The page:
The case of Fernandes v. RBC Life Insurance Company is a reminder of the need to be completely honest and thorough when completing applications for insurance coverage. Where an insured is anything less than completely honest, the consequences can be severe.
Avelino Fernandes worked as a rough carpenter. Mr. Fernandes bought a policy of long-term disability insurance with RBC Life Insurance Company in November 2000. In approximately January 2001, he became disabled from acute meningitis and was unable to return to his work as a rough carpenter. He applied for disability benefits and RBC denied his claim. RBC stated that Mr. Fernandes’ policy of insurance was void because he had made misrepresentations and failed to disclose important medical information on his application. Mr. Fernandes sued RBC for payment of his benefits. At trial, Madame Justice Susan Chapnik found that the application required Mr. Fernandes to disclose the identity of his attending physician, his consulation with that physician four or five months before the date of the application for lumbar pain, and his attendances and treatment from an orthopaedic surgeon on several occasions from 1998 to 2000. Justice Chapnik concluded that Mr. Fernandes failed to disclose and, in some instances, misrepresented facts relating to each of those matters. He dismissed Mr. Fernandes’ claim against RBC.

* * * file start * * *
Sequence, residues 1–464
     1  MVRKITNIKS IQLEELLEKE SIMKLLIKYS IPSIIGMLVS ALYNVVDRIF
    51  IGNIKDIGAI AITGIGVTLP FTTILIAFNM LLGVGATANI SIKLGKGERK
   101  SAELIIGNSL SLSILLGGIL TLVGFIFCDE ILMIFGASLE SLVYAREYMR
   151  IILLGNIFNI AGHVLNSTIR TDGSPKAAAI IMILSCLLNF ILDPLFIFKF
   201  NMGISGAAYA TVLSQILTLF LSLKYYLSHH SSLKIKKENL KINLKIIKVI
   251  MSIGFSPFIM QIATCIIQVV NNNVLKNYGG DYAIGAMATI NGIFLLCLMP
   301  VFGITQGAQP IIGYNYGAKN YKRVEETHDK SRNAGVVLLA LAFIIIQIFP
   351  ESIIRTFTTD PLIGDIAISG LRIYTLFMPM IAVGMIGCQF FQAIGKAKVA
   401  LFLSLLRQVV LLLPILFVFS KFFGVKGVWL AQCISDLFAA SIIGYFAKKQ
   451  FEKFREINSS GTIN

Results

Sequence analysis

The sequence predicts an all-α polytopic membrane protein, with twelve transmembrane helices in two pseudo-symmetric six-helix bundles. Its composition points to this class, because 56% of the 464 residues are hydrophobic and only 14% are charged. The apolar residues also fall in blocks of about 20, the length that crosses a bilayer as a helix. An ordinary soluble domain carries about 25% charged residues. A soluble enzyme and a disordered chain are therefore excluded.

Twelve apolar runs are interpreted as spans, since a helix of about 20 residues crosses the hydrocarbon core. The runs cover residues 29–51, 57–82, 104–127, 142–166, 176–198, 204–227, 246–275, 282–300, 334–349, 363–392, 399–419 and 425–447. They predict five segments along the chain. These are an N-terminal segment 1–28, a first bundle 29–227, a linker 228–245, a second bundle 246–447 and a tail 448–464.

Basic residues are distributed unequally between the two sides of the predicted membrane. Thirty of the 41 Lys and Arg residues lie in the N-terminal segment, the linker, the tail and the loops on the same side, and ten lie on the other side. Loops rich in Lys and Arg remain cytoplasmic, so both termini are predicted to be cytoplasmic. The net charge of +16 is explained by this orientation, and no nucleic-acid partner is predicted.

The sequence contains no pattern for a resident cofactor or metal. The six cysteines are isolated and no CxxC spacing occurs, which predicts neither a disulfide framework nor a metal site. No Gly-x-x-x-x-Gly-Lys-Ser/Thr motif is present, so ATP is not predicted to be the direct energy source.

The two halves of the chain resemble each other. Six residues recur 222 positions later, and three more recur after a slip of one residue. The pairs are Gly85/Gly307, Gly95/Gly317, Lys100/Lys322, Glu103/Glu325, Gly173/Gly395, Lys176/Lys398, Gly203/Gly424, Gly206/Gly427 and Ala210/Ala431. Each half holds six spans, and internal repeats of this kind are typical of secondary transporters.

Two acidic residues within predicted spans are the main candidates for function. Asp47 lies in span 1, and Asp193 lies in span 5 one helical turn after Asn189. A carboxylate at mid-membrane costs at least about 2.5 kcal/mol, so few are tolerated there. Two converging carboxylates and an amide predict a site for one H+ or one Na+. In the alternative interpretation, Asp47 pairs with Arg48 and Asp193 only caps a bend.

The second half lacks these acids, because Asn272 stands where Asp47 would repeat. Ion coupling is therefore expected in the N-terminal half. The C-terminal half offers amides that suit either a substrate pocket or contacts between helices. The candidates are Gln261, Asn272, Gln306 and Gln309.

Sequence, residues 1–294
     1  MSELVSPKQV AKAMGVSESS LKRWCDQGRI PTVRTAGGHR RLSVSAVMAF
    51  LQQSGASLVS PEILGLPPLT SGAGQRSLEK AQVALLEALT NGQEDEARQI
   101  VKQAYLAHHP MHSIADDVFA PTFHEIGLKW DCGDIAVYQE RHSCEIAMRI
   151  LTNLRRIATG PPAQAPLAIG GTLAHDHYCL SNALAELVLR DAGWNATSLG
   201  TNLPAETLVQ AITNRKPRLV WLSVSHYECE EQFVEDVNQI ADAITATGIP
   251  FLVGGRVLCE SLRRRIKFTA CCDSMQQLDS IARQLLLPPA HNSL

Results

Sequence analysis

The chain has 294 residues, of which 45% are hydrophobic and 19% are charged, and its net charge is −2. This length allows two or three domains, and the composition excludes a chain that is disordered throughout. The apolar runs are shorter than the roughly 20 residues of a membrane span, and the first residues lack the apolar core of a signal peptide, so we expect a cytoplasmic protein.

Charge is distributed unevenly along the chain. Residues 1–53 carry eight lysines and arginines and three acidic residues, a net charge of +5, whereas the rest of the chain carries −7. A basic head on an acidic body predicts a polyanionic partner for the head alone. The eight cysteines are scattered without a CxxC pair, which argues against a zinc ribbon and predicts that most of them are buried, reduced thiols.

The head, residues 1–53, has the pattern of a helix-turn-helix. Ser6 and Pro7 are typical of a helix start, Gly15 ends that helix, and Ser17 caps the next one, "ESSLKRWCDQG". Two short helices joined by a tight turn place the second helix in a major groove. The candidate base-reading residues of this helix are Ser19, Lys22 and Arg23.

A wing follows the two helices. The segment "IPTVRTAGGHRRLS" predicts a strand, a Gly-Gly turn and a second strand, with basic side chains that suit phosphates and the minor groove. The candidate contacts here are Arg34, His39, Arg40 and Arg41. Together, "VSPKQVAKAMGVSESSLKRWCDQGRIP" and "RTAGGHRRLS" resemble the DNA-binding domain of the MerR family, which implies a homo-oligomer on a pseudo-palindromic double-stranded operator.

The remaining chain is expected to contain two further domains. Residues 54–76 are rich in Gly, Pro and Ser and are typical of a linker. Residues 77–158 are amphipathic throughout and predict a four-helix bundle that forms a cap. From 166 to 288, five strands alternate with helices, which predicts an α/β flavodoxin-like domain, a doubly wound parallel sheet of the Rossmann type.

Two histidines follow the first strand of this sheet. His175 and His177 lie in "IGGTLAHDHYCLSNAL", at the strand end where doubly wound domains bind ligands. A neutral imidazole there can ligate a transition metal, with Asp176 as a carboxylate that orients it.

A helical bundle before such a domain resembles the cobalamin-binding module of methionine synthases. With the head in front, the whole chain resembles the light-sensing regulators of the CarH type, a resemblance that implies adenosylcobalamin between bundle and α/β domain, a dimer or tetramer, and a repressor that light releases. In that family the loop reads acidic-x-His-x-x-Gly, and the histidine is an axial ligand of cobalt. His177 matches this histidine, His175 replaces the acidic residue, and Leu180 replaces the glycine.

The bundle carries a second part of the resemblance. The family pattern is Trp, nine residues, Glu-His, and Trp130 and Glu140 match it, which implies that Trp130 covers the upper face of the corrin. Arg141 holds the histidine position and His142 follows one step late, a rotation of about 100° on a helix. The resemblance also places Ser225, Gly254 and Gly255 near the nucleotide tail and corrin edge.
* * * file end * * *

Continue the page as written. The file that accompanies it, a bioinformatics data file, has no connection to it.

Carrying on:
Mr. Fernandes appealed to the Ontario Court of Appeal.
The Court of Appeal noted that the application for insurance formed part of the policy of insurance. The Court agreed with Justice Chapnik that the insurance questionnaire required Mr. Fernandes to disclose the matters she had identified. They disagreed with Mr. Fernandes’ submission that he was only required to disclose “serious” or “major” medical complaints and treatments.
The Court noted that Justice Chapnik’s holding that, “There is…no need to relate the medical information not disclosed on the application for insurance to the subsequent disability claim”, was not challenged. They noted that he was required under the Insurance Act to disclose “every fact within his knowledge that was material to the insurance for which he was applying.” It made clear that he was responsible for the accuracy of his statements and that inaccurate answers might affect eligibility for coverage or benefits.
Mr. Fernandes also challenged the decision on the basis that RBC would have issued the insurance policy even if had known the information, and would simply have included a waiver or rider. The Court responded that a coverage exclusion is a critical part of the policy and that by Mr. Fernandes failing to disclose material information, RBC was deprived the opportunity to narrow the risk it would assume and adjust the premium to be charged. As a result the Court agreed that RBC “would have changed the policy offered to the plaintiff in a material and fundamental way, had [it] known the true facts.”